Primary Sources: Le Morte D’Arthur, Book XIV Chapter 8
This bit is a good bit.
Percivale and his lion buddy hang out on the rock, staring out to sea, for a half a day before another boat comes by. This one is covered samite, too, like Nacien’s. Instead of white samite, though, this samite is more blacker than any bear.
“Finally!” cries Percivale, and jumps into the water. He swims out to the ship and climbs aboard, where an absurdly beautiful woman waits for him. Super lovely, this woman is.
And her garb! This lady wears clothing made out of money, by the way. Maybe not literal money, paper money not being a thing in the fourth-century-but-also-fourteenth-century which is our milieu, but definitely she’s clothed more richly that none might be better.
“Oh, you poor man,” she says. “Who left you alone out here in the wilderness, without food or water?”
“There’s this whole big quest thing I’m on,” Percivale answers. “It’s cool, though, an old man told me that God is on my side.”
“Uh huh. Well, would God object to me giving you some food and water?”
Percivale considers his Bible verses. “…who that knocketh shall enter, and who that asketh shall have, and who that seeketh him he hideth him not…” he mutters. “I guess not.”
The lady smiles. “Sir Percivale, do you know my name?”
Percivale smiles, too, because things are getting weird and mystic and this time he feels ready for it! “I’m going to say yes, yes I do. Final answer.” He doesn’t, of course, but he’s in the game!
“I was just out in the wilderness, you know,” the lady says, conversationally. “I bumped into a knight, all in red, except — strangest thing! — His shield was white. Red knight with a magical white shield.”
“Oh, I know that guy! I’ve been trying to catch up to him!”
“Well hey, I’ve got a boat. Promise me that you’ll do me one favor to be named later, no questions asked, and I can take you to him.”
“I don’t see any way that could possibly come back and bite me,” says Percivale.
The entire audience, yours truly included, smack our foreheads.
“Well now shall I tell you. I saw him in the forest chasing two knights out to Mortaise, you know, the river? They tried to ford it, and then drown him in the crossing, but he escaped into the woods on the other side.”
“That’s good. Good that he’s okay.”
“Oh!” The lady makes as to smack her forehead. “I forgot, I was going to get you some food. I have some meat. You didn’t have meat for lunch, did you? Have you eaten meat lately?”
“Nay, madam, truly I ate no meat nigh this three days, but late here I spake with a good man that fed me with his good words and holy, and refreshed me greatly.”
“Really,” the woman says flatly.
“Nacien’s sermons are very nutritive,” insists Percivale.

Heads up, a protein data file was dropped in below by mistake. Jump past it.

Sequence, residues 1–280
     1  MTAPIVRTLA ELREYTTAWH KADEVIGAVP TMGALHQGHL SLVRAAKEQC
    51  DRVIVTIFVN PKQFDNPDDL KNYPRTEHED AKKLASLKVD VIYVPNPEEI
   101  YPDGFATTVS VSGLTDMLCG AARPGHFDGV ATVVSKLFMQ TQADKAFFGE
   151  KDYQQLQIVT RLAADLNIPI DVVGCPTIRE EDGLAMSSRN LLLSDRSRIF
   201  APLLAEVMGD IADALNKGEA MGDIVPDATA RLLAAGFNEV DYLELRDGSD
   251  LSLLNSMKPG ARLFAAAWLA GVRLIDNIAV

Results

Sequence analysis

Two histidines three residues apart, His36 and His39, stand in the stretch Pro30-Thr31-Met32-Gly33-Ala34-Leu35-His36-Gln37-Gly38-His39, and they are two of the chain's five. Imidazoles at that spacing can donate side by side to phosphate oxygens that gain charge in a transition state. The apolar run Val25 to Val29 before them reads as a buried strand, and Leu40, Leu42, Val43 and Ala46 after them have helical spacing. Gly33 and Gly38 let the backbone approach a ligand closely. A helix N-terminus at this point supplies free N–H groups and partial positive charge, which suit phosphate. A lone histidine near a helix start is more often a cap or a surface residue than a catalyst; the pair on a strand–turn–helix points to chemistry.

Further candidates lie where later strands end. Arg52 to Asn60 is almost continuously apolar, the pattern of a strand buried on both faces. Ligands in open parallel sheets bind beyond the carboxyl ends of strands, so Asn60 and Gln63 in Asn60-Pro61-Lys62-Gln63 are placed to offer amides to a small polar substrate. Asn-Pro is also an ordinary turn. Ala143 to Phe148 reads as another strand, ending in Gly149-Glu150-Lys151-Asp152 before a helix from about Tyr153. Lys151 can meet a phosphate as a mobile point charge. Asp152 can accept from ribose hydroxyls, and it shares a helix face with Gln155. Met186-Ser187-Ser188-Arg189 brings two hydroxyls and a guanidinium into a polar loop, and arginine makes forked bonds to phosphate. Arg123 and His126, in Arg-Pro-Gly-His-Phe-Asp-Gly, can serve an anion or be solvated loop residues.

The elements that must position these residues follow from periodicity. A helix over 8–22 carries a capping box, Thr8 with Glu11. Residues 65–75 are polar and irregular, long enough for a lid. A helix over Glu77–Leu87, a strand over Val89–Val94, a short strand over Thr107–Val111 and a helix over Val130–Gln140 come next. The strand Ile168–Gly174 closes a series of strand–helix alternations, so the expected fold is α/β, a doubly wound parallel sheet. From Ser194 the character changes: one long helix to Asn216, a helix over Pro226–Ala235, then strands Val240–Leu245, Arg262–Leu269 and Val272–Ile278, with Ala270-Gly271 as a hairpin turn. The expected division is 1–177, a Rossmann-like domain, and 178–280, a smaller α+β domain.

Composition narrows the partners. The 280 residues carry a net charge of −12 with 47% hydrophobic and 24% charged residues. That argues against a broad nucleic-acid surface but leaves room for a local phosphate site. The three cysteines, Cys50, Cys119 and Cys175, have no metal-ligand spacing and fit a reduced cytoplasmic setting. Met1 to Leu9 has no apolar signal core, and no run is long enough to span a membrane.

“Sounds like a nogoodnik to me,” she says. “Leaving you there to starve, filling your head with crazy assertions about deriving nourishment directly from holiness… Guy’s an enchanter and a multiplier of words. Lucky thing I happened by, or you’d be dead and eaten by a wild boar by now.”
“You know, for a weird allegorical figure you’re extremely… down to earth,” observes Percivale. “What’s up with that?”
“Ah.” The lady stares off into space for a moment. “I used to be the richest woman in the world, mistress of the greatest lord there is. He made me fair and clear and I was the greatest there ever was. I was so beautiful, once.” Her features darken. “Alas, I had a little pride more than I ought to have had. Also I said a word that pleased him not. So my lord threw me out, and said I couldn’t spend time with him any longer, and that he didn’t want to listen to what I had to say to him, or what I had to ask of him. Not me, nor of my court.”
“Wow, sounds like a jerk.”
“So I’ve tried to make it right, as best I know how.” Again, the lady stares off into space, and appears to be recapping her origin for the benefit of the reader, rather than conversing with Percivale. “I find his men, who suffer for lack, and I make them my men. They come willingly; their master is stingy, and I can give them whatever they want, any of the rewards of this world.”
“Therefore I know now no good knight, nor no good man, but I get them on my side an I may. And for that I know that thou art a good knight, I beseech you to help me; and for ye be a fellow of the Round Table, wherefore ye ought not to fail no gentlewoman which is disherited, an she besought you of help.”
“Well sure I’ll help,” says Percivale. “You sound so reasonable! And your story is eerily familiar for some reason that I can’t quite put my finger on. I’m sure it’ll come to me.”
Primary Sources: Le Morte D’Arthur, Book XIV Chapter 8 — No Comments
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